Kenyans reel from food crisis

November 27, 2008 12:00 am

, KIBERA, November 27 – With the country reeling from a serious food crisis especially the lack of maize, it is apparent that more and more Kenyans are feeling the effects.

Joseph Wambua who operates a hotel at Olympic area in Kibera slums already fears that he may be forced to close down his business if the situation continues to deteriorate.

 “If the situation does not change, I don’t see any other way out apart from closing down my hotel because most people here eat ugali (made from maize flour),” Mr Wambua told this reporter.

“The one kilogram packet of maize flour is no longer available. I now have to buy the two-kilogram packet which is selling at Sh120 although I like to buy the small packets,” he adds.

He says he has not increased his prices which range from Sh25 to Sh50 but has instead decreased the rations.

“You know if we increase the prices, our customers will keep off.  This is a slum area and people look for what is cheap,” he says.

He sees the current shortage of maize as an aftermath of the post election violence.

“It’s the post election crisis that has caused all this. Nothing else.”
Ruth Atieno who operates a cereals business and also sells maize flour has run out of stock.

“I went to Kaloleni where I get my stock. Normally I buy maize flour at a rate of Sh35 per kilogram but it has now gone up to Sh60 and that is too high. So I have decided not to buy,” she said.

“You know we also sell the flour to hotels, and they also want to make profit, so it is hard to come up with an ideal selling price. I can’t sell it now because the price would be too high.”

She points out that despite the shortage and rising prices, maize flour is still on demand among the locals.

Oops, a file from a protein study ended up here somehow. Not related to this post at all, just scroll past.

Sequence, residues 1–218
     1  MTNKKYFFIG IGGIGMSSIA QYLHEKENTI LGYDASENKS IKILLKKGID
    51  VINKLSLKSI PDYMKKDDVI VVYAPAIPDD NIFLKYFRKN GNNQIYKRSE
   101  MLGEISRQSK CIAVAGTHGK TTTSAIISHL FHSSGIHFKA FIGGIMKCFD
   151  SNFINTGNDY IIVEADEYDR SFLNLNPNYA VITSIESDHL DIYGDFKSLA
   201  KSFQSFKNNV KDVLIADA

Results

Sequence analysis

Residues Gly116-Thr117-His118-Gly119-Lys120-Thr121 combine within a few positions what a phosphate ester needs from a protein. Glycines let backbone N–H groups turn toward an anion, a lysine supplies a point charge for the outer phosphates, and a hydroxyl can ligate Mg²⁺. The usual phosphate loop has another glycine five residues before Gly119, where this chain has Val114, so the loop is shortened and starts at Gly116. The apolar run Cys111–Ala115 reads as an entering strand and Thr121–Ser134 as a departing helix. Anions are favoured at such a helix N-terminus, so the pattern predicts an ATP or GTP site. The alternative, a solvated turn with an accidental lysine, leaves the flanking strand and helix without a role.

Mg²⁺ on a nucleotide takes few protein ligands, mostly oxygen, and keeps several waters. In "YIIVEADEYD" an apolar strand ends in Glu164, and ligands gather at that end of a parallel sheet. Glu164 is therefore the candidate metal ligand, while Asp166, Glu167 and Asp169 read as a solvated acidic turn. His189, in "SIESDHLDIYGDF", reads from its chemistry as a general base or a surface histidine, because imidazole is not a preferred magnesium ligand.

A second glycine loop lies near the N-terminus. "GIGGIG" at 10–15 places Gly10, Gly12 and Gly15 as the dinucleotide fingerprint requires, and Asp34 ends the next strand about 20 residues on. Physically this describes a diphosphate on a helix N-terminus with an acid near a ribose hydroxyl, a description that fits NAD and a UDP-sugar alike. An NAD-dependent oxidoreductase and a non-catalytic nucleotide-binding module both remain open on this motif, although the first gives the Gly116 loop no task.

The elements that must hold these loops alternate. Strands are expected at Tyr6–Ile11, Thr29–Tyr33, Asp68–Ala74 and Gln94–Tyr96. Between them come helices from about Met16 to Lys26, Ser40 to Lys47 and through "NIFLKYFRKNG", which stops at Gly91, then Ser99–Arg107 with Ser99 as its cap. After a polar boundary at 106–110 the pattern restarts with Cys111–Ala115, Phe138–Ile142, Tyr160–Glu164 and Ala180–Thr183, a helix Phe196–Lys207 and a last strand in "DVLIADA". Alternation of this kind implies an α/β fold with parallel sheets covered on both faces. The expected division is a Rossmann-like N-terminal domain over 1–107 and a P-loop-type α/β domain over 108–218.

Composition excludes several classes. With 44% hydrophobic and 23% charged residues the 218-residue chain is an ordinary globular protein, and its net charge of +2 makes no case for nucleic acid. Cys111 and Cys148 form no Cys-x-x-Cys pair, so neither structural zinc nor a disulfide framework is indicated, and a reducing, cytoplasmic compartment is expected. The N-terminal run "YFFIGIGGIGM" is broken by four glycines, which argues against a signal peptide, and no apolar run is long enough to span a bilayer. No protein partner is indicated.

“They say they would rather eat ugali and omena (fish) than take tea. They are not even buying rice which is readily available,” Ms Atieno says.

“I think there is enough maize but it is being hoarded by a few people so that they can hike the prices. I would urge the government to look into the plight of Kenyans,” she said as Peter Wachiaya who has operated a posho mill for 10 years added that he was facing a serious shortage of maize.

“I normally get maize from Kakamega, Busia and the Rift Valley. In Busia there is no maize at all and it has made us lose many customers because this has come with a price increment,” Mr Wachiaya complained.

“I used to buy about 10 sacks of maize but I’m now only allowed to buy three sacks because of the shortage and I only have two sacks of maize and once it is finished, I don’t know where I will get more maize,” he sadly states.

“I think I will just have to wait for people to come with their own maize for me to grind.”

Margaret, a single mother of three lives in the same area. With no stable job and rising food prices, she says life has become unbearable for her.

“Times are very hard now that the cost of maize flour has gone up. I used to buy a two- kilogram packet (of maize flour) at Sh50 but now it has gone up to Sh120.  Sometimes it is not even available in the shops,” she said.

“I cook a packet of two-kilograms for two days and with the rising cost, I don’t know how I will keep up.”

However the government insists that the maize situation is under control with Agriculture Minister William Ruto expressing confidence that the shortage would soon stabilise.

Maize is Kenya’s staple food and the mainstay of agriculture. A large percentage of the country’s population depends on maize as an income-generating crop.


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